Here goes. In short, he sees the נשא of v. 4 as signifying the ethical behaviour of the pilgrim and the נשא of v. 5 as signifying the the blessing that accrues upon such behaviour. Weber understands these two verbs as together signifying the entrance of the pilgrim into the temple. The נשא of the second stanza refer to the entrance of God himself into the sanctuary. The effect of the repetition of the root is to conjoin these two different entrances, in some manner. What this means for Weber, however, is determined by his broader interpretation of the relation between the parts of the Psalm, and not the semantics of נשא per se. In other words, the repetition of the root simply further "hooks" together what he thinks is paralleled anyway. In short, he believes that both entrances, divine and human, mirror each other in that the entrance of God and the entrance of the pilgrim fulfil the holy requirements of the sanctuary. The function of נשא, then, is to “interlock” (verzahnen) these two entrances further. To quote:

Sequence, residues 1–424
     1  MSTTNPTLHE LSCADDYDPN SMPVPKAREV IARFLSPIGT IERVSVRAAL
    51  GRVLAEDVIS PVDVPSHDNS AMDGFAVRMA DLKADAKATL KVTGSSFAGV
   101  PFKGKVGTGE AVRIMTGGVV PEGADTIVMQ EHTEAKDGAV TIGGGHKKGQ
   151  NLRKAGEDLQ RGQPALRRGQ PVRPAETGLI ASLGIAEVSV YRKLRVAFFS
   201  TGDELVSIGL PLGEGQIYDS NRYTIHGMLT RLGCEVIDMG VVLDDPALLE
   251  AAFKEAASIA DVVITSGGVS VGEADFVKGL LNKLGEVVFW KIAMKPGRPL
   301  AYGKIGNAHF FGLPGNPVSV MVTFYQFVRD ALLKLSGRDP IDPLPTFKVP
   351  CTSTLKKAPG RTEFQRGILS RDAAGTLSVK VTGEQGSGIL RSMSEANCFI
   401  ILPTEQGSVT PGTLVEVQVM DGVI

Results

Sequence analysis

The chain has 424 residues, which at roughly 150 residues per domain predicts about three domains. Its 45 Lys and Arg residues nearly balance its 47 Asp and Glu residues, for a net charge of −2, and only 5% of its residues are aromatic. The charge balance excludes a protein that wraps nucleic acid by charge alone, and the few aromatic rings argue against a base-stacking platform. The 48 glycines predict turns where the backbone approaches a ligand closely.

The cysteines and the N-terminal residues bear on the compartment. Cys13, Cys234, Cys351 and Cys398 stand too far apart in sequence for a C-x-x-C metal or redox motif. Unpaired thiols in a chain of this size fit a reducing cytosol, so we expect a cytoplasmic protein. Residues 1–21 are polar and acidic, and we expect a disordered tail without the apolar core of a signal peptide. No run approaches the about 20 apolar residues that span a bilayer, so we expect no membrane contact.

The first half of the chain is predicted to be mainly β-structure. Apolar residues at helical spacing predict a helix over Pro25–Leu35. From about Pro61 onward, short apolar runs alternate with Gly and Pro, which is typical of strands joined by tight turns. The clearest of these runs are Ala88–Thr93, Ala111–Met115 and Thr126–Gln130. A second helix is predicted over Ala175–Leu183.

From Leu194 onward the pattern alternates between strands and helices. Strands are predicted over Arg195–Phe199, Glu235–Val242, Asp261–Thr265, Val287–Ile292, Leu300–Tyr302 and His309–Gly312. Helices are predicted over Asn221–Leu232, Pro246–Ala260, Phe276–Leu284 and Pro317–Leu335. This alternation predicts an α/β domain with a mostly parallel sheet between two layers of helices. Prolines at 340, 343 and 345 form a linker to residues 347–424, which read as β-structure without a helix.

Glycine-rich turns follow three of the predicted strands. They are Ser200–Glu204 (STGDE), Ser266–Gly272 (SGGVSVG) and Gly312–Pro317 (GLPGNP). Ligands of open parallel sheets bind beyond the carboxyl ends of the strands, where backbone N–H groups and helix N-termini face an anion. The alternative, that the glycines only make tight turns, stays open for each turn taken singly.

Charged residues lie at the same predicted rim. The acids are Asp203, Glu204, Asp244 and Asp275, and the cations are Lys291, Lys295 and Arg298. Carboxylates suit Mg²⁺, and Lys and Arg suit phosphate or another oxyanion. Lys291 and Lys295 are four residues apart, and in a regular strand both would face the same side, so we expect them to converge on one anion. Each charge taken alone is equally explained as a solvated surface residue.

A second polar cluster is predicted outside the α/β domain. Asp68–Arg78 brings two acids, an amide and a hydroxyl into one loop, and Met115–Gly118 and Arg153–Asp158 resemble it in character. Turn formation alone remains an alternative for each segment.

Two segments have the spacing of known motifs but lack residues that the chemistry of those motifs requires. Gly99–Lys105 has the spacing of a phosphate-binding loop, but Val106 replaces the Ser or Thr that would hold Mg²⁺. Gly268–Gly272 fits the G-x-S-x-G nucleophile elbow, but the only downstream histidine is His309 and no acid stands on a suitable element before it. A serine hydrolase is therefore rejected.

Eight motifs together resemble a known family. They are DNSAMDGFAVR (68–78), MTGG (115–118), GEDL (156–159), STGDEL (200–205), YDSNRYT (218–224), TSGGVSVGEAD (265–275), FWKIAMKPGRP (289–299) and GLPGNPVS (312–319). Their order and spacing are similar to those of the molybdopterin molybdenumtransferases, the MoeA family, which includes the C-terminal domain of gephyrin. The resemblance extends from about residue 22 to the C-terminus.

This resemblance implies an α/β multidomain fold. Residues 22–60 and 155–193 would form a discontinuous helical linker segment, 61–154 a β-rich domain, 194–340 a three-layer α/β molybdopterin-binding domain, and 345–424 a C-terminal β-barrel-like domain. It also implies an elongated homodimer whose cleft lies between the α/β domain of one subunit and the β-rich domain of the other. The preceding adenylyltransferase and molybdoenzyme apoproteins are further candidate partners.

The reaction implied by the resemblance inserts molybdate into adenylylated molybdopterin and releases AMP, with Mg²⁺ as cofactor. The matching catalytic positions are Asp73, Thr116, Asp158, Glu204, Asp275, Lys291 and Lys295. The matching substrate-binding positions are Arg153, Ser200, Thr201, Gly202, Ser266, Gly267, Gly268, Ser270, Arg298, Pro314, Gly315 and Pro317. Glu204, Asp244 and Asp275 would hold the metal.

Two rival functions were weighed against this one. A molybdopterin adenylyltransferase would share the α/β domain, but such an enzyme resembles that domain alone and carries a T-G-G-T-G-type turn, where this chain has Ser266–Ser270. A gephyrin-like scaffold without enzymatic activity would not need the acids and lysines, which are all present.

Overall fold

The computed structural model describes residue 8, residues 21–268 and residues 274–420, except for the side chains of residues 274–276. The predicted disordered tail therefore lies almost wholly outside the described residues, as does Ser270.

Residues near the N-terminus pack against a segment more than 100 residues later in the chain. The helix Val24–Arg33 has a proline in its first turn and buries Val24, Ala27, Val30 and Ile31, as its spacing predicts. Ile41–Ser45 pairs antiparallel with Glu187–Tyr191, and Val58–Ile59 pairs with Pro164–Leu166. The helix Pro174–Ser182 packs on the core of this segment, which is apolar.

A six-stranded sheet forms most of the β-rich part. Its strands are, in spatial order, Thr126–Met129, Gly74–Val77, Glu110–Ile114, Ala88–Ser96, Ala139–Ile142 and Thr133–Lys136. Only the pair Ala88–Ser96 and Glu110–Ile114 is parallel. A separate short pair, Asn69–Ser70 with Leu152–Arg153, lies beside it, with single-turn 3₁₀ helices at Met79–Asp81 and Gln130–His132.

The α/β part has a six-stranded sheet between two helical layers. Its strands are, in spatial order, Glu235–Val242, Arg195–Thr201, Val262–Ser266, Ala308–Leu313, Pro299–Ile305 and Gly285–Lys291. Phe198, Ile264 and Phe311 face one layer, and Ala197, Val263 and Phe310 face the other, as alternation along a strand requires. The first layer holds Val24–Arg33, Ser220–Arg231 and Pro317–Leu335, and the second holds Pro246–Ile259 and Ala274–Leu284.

The 'ascension' and 'standing' of the pilgrim (before YHWH) (v. 3) must be in inner accordance with the (antecedent) 'coming/entrance' of YHWH (v. 7c; 9c). [*]
In my opinion, this interpretation of the significance of נשא seems forced and Weber's interpretation of the broader relation between the stanzas themselves appears untenable.

First, the significance of נשא:

1. It is hard to imagine that נשא in v. 4b can adequately represent the ethical requirements of the pilgrim. It is only one for four stated requirements, inconspicuously hidden in the middle of a tricolon.

2. Seen from a different angle, the יִשָּׂא of v. 5a could (on the traditional reading of the syntax of these verses, cf. Waltke-O'Connor, §31.6.2) certainly refer to the future consequence of the actions and states represented in v. 4. It relates however, to the whole verse, and not just to 4b.